Key to this research were new methods that allowed researchers to genetically engineer nitrotyrosine into HSP90. This allowed scientists to pin down the exact areas of damage, which may be important in the identification of drugs that could affect this process, the researchers said.

Explore further: Progression of Lou Gehrig's disease explained

Related Stories

Progression of Lou Gehrig's disease explained

October 17, 2011
Researchers in Uruguay and Oregon have discovered a previously unknown type of neural cell that appears to be closely linked to the progression of amytrophic lateral sclerosis, or Lou Gehrig's disease, that they believe will ...

Scientists define cellular pathway essential to removing damaged mitochondria

August 23, 2011
In a joint research effort with researchers at St. Jude Children's Research Hospital, and with help from scientists at The University of Pennsylvania, The University of Minnesota, and the National Institutes of Health, investigators ...

Scientists uncover potential drug target to block cell death in Parkinson's disease

January 10, 2013
Oxidative stress is a primary villain in a host of diseases that range from cancer and heart failure to Alzheimer's disease, Amyotrophic Lateral Sclerosis and Parkinson's disease. Now, scientists from the Florida campus of ...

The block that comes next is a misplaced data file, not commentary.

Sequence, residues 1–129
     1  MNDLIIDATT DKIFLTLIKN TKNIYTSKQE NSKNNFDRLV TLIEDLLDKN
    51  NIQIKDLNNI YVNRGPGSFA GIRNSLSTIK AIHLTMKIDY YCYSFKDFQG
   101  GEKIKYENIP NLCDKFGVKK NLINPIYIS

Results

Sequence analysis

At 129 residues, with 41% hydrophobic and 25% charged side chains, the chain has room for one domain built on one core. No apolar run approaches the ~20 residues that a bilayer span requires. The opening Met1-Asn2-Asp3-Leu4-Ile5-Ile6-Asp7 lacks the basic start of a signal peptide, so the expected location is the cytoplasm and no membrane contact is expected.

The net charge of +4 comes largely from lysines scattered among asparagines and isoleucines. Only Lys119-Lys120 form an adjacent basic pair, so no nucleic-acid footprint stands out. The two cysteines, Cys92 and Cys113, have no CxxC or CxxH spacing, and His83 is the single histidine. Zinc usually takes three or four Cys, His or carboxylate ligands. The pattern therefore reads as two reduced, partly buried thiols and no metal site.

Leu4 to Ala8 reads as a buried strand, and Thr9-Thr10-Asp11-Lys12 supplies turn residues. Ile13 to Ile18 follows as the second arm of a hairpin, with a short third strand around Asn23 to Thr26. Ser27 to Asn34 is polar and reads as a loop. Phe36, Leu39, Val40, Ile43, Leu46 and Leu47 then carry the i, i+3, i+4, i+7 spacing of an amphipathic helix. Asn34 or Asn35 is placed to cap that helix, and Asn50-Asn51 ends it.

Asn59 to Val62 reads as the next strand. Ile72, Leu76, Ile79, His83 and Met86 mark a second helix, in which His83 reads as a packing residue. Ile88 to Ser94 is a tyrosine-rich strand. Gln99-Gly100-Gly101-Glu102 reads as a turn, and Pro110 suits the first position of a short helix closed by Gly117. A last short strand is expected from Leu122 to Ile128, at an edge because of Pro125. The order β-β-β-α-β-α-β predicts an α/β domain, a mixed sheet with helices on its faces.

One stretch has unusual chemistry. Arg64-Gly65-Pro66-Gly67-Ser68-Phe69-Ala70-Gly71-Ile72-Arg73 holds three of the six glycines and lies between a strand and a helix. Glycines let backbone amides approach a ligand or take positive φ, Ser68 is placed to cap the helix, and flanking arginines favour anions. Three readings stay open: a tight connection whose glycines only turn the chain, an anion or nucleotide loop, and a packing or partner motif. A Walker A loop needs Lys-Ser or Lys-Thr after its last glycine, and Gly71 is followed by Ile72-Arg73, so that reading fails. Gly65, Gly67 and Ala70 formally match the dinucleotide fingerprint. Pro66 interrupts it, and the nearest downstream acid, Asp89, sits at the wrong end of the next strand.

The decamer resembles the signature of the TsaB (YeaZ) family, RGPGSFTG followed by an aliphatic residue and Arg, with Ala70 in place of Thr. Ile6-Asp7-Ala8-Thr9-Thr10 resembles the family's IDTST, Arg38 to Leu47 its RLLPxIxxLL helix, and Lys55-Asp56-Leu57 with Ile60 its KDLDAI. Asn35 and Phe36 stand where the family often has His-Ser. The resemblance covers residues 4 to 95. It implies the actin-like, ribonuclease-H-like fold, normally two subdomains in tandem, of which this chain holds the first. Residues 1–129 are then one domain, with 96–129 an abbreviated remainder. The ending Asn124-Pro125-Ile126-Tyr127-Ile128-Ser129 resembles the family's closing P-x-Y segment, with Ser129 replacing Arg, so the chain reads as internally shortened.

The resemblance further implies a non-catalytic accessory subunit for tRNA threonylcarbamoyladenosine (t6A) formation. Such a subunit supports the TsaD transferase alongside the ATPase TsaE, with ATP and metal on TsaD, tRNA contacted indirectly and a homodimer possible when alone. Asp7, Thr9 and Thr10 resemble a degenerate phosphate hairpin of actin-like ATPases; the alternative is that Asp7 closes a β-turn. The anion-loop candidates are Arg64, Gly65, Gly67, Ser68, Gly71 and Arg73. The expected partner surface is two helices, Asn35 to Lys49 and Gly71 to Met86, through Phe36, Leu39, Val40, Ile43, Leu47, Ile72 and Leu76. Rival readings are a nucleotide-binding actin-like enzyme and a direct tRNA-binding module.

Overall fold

Potential new drug target in Lou Gehrig's disease

November 14, 2011
Two proteins conspire to promote a lethal neurological disease, according to a study published online this week in the Journal of Experimental Medicine.

Recommended for you

New vaccine production could improve flu shot accuracy

July 24, 2017
A new way of producing the seasonal flu vaccine could speed up the process and provide better protection against infection.

Molecular hitchhiker on human protein signals tumors to self-destruct

July 24, 2017
Powerful molecules can hitch rides on a plentiful human protein and signal tumors to self-destruct, a team of Vanderbilt University engineers found.

Researchers develop new method to generate human antibodies

July 24, 2017
An international team of scientists has developed a method to rapidly produce specific human antibodies in the laboratory. The technique, which will be described in a paper to be published July 24 in The Journal of Experimental ...

A sodium surprise: Engineers find unexpected result during cardiac research

July 20, 2017
Irregular heartbeat—or arrhythmia—can have sudden and often fatal consequences. A biomedical engineering team at Washington University in St. Louis examining molecular behavior in cardiac tissue recently made a surprising ...

Want to win at sports? Take a cue from these mighty mice

July 20, 2017
As student athletes hit training fields this summer to gain the competitive edge, a new study shows how the experiences of a tiny mouse can put them on the path to winning.

'Smart' robot technology could give stroke rehab a boost

July 19, 2017
Scientists say they have developed a "smart" robotic harness that might make it easier for people to learn to walk again after a stroke or spinal cord injury.

0 comments

Please sign in to add a comment. Registration is free, and takes less than a minute. Read more

Click here to reset your password.
Sign in to get notified via email when new comments are made.